The editors possess unrivalled expertise and are keen to describe and foster advances in the key area of DNA techniques applied to food authenticity. Dr Lucy Foster is an experienced food scientist, and head of food research including authenticity research at Defra, for many years commissioning studies of global reach. Dr Malcolm Burns is an internationally recognised molecular biologist and expert in DNA quantitation. Dr Michael Walker was a founder board member of the Food Standards Agency, a subject matter expert to the Elliott Review, is Head of the Office of the Government Chemist, and, with a thriving consulting practice, is an experienced expert witness.

 

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3640762870?profile=RESIZE_710xAdulteration is a growing food safety concern worldwide. Previous studies have implicated turmeric as a source of lead (Pb) exposure due to the addition of lead chromate (PbCrO4), a yellow pigment used to enhance brightness. This study aimed to assess the practice of adding yellow pigments to turmeric and producer- consumer- and regulatory-factors affecting this practice across the supply chain in Bangladesh.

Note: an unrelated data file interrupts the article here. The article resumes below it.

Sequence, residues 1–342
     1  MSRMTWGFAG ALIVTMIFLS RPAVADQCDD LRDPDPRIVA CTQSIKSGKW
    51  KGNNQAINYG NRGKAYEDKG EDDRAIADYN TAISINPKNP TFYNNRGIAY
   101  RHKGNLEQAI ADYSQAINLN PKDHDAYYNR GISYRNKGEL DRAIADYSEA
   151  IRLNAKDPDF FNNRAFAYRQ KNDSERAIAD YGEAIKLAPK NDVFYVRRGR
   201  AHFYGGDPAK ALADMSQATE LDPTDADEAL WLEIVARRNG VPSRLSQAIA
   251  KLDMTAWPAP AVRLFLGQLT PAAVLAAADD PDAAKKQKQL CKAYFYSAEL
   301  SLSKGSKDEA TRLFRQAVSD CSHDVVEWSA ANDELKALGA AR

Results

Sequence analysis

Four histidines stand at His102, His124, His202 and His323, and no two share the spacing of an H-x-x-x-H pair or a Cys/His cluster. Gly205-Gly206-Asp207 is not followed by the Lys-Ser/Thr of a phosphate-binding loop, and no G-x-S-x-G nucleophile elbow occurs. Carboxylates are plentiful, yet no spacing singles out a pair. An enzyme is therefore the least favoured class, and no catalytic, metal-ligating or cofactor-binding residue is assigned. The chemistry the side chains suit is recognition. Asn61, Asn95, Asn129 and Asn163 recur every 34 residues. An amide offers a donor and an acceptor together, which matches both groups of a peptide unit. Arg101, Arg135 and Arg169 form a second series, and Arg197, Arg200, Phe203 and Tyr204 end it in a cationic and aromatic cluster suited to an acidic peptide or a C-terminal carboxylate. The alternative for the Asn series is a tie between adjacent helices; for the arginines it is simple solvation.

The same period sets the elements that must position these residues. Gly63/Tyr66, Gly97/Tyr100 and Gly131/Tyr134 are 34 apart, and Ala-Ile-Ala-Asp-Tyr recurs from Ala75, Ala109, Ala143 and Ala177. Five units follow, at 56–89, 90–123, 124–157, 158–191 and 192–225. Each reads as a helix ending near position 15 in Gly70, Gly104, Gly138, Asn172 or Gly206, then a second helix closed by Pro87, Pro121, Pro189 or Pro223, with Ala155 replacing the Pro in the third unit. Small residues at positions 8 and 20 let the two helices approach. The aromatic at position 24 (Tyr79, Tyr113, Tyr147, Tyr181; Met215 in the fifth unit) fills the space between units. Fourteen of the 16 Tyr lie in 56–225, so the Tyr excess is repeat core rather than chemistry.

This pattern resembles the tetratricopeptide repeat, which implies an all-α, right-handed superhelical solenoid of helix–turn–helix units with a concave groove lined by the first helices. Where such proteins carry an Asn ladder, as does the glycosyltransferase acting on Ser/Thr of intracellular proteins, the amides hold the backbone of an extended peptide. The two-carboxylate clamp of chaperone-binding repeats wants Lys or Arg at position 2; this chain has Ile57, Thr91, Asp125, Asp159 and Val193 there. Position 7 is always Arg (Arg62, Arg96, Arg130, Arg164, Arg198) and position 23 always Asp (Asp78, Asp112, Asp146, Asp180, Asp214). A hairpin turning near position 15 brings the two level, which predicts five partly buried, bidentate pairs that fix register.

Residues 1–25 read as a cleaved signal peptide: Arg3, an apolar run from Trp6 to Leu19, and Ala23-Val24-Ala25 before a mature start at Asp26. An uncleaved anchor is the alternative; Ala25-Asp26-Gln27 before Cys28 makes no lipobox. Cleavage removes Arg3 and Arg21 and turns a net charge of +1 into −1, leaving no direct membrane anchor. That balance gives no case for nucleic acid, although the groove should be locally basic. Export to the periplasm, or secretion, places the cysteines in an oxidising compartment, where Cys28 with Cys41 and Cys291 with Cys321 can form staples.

Nine major turmeric-producing districts of Bangladesh, as well as two districts with minimal turmeric production, were identified and visited. In each district, semi-structured interviews were conducted and informal observations were made with individuals involved in the production, consumption, and regulation of turmeric. Perceptions of and preferences for turmeric quality.

Samples of yellow pigments and turmeric were collected from the most-frequented wholesale and retail markets. Samples were analysed for Pb and chromium (Cr) concentrations via inductively coupled plasma mass spectrometry and x-ray fluorescence.

The study found evidence of PbCrO4-based yellow pigment adulteration in 7 of the 9 major turmeric-producing districts.

Turmeric wholesalers reported that the practice of adding yellow pigments to dried turmeric root during polishing began more than 30 years ago and continues today, primarily driven by consumer preferences for colourful yellow curries.